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Torch Travesty

So the Olympic torch goes on its way round the world promoting peace, harmony and protest. Some have tried to snatch the torch, others have thrown water bombs at it, some have refused to carry it, politicians have become embroiled in an ‘are-they-going-to-the-opening-ceremony-or-not’ debate, some have pleaded beseechingly for freedom for Tibet as they are hauled off by police, others have maintained that the West is the victim of an anti-China propaganda exercise.

An immense amount of effort has been put into making sure that this flame gets to China, that it stays pure. The importance of the flame, according to the International Olympic Committee, lies in the fact that it “transmits a message of peace and friendship amongst peoples.”

And there lies the irony.

The focus these days is on Tibet and the Chinese crackdown there. But there is a hidden travesty that is much wider, but less reported – the persecution of Chinese Christians.

• In March 2008 twenty-one pastors were sent en masse to labour camps.

• In March 2008 officials seized 11 teenagers at an 'illegal’ Bible study. They were held for 24 hours without relatives being allowed to visit them. Three were later re-arrested and sentenced to 15 days’ detention.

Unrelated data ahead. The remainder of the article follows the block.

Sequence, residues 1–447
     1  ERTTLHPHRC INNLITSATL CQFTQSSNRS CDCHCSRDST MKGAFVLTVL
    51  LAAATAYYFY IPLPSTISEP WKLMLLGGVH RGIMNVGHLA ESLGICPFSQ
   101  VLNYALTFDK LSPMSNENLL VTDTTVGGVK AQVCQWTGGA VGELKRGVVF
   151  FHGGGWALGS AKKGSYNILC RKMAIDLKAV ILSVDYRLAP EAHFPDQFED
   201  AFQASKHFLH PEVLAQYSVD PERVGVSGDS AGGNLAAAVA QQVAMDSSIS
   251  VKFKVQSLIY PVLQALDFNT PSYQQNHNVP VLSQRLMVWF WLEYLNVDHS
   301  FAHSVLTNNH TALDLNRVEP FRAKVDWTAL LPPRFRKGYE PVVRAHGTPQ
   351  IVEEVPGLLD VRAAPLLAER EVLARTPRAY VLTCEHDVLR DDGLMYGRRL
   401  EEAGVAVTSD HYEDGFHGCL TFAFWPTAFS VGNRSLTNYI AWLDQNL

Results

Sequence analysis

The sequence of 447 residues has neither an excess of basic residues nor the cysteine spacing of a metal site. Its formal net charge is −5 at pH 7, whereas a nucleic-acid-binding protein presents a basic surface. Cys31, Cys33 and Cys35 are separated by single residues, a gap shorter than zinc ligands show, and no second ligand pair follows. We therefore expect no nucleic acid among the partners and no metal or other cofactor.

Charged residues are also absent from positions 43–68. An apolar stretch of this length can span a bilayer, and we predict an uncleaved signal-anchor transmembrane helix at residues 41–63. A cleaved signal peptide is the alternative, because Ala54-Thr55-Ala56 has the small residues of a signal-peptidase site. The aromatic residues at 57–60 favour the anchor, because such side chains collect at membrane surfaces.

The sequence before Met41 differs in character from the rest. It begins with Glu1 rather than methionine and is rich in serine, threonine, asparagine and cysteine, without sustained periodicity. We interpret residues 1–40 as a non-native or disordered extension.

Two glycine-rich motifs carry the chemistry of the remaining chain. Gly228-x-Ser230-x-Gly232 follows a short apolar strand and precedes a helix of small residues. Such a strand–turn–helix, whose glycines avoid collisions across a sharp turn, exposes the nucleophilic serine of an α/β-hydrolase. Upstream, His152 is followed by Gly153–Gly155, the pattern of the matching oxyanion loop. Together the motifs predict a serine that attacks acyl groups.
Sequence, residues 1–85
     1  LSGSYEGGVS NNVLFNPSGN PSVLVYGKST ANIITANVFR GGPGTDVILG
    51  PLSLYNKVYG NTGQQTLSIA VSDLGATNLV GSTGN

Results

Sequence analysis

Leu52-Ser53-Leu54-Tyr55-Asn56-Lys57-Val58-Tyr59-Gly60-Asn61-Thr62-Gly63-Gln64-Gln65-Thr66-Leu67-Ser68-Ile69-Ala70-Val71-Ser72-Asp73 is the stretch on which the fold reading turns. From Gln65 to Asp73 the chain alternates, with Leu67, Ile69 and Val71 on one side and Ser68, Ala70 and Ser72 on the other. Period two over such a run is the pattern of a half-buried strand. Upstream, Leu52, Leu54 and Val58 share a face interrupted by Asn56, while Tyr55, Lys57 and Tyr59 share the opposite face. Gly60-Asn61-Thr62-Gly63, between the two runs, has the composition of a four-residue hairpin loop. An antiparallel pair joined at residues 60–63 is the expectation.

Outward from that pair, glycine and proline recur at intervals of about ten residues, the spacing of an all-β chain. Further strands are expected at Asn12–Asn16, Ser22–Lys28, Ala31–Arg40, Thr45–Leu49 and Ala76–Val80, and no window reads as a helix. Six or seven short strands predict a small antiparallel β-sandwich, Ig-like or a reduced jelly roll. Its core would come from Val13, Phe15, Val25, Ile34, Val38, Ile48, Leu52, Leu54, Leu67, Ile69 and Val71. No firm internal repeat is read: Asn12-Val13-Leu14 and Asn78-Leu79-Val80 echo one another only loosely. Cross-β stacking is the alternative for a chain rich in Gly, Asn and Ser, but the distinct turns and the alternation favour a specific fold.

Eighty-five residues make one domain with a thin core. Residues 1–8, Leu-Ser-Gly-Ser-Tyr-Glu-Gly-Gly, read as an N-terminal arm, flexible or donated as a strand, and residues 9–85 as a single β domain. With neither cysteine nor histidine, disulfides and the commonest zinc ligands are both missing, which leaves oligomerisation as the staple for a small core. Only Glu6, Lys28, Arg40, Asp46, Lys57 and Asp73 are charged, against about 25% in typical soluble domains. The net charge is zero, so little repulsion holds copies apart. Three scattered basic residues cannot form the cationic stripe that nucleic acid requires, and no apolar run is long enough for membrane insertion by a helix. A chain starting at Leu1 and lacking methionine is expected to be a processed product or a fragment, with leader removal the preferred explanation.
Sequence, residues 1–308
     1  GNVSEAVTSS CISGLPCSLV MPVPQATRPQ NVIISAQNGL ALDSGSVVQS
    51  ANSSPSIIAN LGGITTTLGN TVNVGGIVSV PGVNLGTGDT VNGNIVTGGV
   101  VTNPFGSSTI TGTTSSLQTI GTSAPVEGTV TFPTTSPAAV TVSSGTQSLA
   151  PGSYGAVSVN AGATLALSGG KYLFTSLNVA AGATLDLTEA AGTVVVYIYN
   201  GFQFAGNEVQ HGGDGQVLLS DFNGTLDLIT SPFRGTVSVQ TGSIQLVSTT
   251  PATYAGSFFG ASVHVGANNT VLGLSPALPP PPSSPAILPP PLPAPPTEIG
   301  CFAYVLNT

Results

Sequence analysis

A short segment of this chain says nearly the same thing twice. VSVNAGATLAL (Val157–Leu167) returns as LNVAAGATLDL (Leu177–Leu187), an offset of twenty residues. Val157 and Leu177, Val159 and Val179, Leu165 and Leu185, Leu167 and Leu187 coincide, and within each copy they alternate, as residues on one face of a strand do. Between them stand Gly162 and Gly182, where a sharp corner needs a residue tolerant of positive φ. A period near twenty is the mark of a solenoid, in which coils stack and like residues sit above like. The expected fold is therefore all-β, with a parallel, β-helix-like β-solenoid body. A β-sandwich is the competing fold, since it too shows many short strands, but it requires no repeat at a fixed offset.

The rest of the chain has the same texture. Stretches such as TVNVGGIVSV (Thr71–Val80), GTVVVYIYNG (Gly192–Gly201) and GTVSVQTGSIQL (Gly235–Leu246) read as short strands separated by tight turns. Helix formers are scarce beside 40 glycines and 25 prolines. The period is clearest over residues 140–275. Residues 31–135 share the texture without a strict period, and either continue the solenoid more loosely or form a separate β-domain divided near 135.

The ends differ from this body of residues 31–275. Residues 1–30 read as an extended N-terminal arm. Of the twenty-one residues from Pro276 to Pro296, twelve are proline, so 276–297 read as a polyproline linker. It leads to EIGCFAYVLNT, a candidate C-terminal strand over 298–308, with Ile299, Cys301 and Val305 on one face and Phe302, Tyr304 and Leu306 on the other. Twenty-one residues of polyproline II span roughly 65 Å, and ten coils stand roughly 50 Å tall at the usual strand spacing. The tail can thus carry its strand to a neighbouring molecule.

• A pastor, Zhuohua, served three years in jail in 2004-2007 for printing Bibles.

• Jailers in China crippled an elderly Christian prisoner after learning that he had brought 50 of his fellow inmates to Christ. Chen Jingmao, a 72-year-old, was so severely beaten that both his legs were broken. He now has to be carried everywhere. A source told China Aid Association that Chen was beaten because ‘his action, of bringing others to Christianity, had brought shame upon the Communist Party’.

Examples could be multiplied. A friend of mine who visits China speaks of having to visit churches in the dead of night so that they will not be disturbed.

There is an opposition to Christianity, and a persecution of it in China. If there is religious tolerance in China why do Bibles have to be smuggled in to the country?

And that brings us full circle to the Olympics again – the Beijing Olympics website says that “Each traveller is recommended to take no more than one Bible into China.”

Why does that even need to be stated?

In Ireland we have many freedoms – the freedom to meet for worship, the freedom to have and read the Bible, the freedom to believe what we want to believe. We shouldn’t take these freedoms for granted. Nor should we ignore these freedoms. We should make the best use of them we can. And pray and petition for those who experience a restriction of such basic freedoms.